Back there she has seeds from not just Buffalo Creek squash grown at the museum but the “extremely rare” Abenaki East Montpelier squash, Seneca and Morrisville sunflowers, sunchokes (also known as Jerusalem artichokes), corn, various beans, and more.

“I started to go out to different tribal communities and brought back different kinds of seeds,” Charlebois said. In return, she gives seed to people from around the world who ask for some of the rarer or pure varieties.

She doesn’t ask for payment, just some of the harvest in order to preserve more seeds.

Bigger purpose

Charlebois said this work is not only intended to be an educational exercise for the museum, but also as a way to create greater access to indigenous foods.

The seed library was Charlebois’ response to the difficulty in shopping for indigenous varieties as seed companies have consolidated over the years. She said farmers have gotten out of the habit of saving seeds.

“Many of the food varieties that were grown here no longer exist because of this shift in farming,” she said. “Seed companies will provide you with what they want you to grow. People aren’t getting the indigenous varieties but the hybridized varieties that don’t have the ability to reproduce.”

Now with her seed library, Charlebois said she hopes to see more of the Native American people living here raising and consuming those traditional foods. About 4,000 residents of New Hampshire currently identify as Native American according to census data.

“We suffer from a lot of diet-related diseases because of that interaction with non-native foods,” she said. “Diabetes is highly prevalent as is heart disease and hyper extension.”

Government reports show that some of the leading causes of death among indigenous people in the United States are heart disease, cancer, unintentional injuries, diabetes and stroke.

“A lot of these,” Charlebois said, “can be contributed to the diets of people. Once we didn’t really have access to our indigenous habits, we started seeing this prevalence of diet-related health disparities.”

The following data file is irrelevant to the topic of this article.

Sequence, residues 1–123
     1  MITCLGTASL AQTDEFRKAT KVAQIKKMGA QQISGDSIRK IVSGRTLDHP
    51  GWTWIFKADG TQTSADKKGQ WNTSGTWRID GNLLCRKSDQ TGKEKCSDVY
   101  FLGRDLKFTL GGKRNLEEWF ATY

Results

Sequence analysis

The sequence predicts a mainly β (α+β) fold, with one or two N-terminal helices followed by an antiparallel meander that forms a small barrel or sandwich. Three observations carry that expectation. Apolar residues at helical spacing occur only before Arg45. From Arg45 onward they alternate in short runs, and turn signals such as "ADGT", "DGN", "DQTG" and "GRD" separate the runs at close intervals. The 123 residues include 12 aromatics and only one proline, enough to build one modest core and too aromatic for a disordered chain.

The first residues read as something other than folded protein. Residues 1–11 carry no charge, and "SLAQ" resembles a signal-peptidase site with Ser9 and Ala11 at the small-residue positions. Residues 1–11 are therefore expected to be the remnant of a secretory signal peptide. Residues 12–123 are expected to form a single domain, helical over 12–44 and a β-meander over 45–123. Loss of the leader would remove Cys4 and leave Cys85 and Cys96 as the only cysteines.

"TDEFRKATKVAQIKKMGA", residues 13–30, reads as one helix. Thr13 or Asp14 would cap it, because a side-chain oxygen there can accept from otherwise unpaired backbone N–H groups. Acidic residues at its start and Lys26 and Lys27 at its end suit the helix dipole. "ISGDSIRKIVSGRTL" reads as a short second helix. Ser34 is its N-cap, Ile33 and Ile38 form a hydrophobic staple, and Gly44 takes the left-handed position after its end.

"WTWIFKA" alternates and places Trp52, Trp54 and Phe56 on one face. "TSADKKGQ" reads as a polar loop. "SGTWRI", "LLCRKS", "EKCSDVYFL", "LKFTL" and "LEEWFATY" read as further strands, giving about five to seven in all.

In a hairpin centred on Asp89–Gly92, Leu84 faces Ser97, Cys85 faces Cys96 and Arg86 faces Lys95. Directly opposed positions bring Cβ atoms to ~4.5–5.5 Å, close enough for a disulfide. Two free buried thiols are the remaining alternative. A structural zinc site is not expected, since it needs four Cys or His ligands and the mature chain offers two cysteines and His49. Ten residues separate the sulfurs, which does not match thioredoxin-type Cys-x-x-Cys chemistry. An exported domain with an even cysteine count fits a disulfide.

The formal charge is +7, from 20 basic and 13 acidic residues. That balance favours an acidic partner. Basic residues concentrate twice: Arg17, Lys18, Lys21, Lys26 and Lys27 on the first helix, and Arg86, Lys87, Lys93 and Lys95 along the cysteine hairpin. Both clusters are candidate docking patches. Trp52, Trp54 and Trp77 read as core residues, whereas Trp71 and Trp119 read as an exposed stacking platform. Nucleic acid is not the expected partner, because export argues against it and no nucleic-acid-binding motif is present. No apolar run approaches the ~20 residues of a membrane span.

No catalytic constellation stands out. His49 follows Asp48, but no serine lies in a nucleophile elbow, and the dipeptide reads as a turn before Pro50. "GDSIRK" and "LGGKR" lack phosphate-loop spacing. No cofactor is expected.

Charlebois said she sees interest in bringing back traditional food ways not only for health reasons, but cultural ones.

Native Americans have no government-recognized tribes in New Hampshire, for instance. Currently, the Mt. Kearsarge Indian Museum acts as the meeting space for the New Hampshire Commission on Native American Affairs.

And while some native communities have programs in place to maintain food traditions, Charlebois would like to begin her own series of cooking classes at the Mt. Kearsarge Indian Museum. They would make things like sunflower seedcakes, squash soup, the cooked berry dish wojape, and others.

Personal nourishment

Right now, Charlebois keeps indigenous cooking limited to her own kitchen. And at this time of year, she said, it’s a special comfort, since her family doesn’t do Thanksgiving like most others.

“We don’t emulate Thanksgiving,” Charlebois said. “Native folks – we have feasts and thanksgivings at many different times of the year.”

Plus, she said, that historic 1621 thanksgiving meal now commemorated each year with images of Plymouth colonists and Wampanoag Indians coming together for a feast has a false narrative of joyful ease.

“The native folks didn’t bring their women and children to that,” Charlebois said. “That tells us they didn’t really trust the people they were eating with. A lot of native people now consider Thanksgiving a national day of mourning.”

She said her mother used to go to the annual protest that began in the 1970s to bring attention to the continued suffering of Native Americans.

Charlebois enumerated those struggles going on today: cultural misappropriation, health issues and lack of recognition.

“The big one is what’s going on with the Dakota access pipeline,” she said.

While her mother no longer protests and Charlebois plans on gathering with her relatives in Massachusetts Thursday, they don’t really celebrate Thanksgiving. Rather, it’s an opportunity for family and food.

“I try to eat as many indigenous foods as I can,” Charlebois said. “Besides the connection to my ancestors, it makes you feel better – it’s better food.”

(Elodie Reed can be reached at 369-3306, ereed@cmonitor.com or on Twitter @elodie_reed.)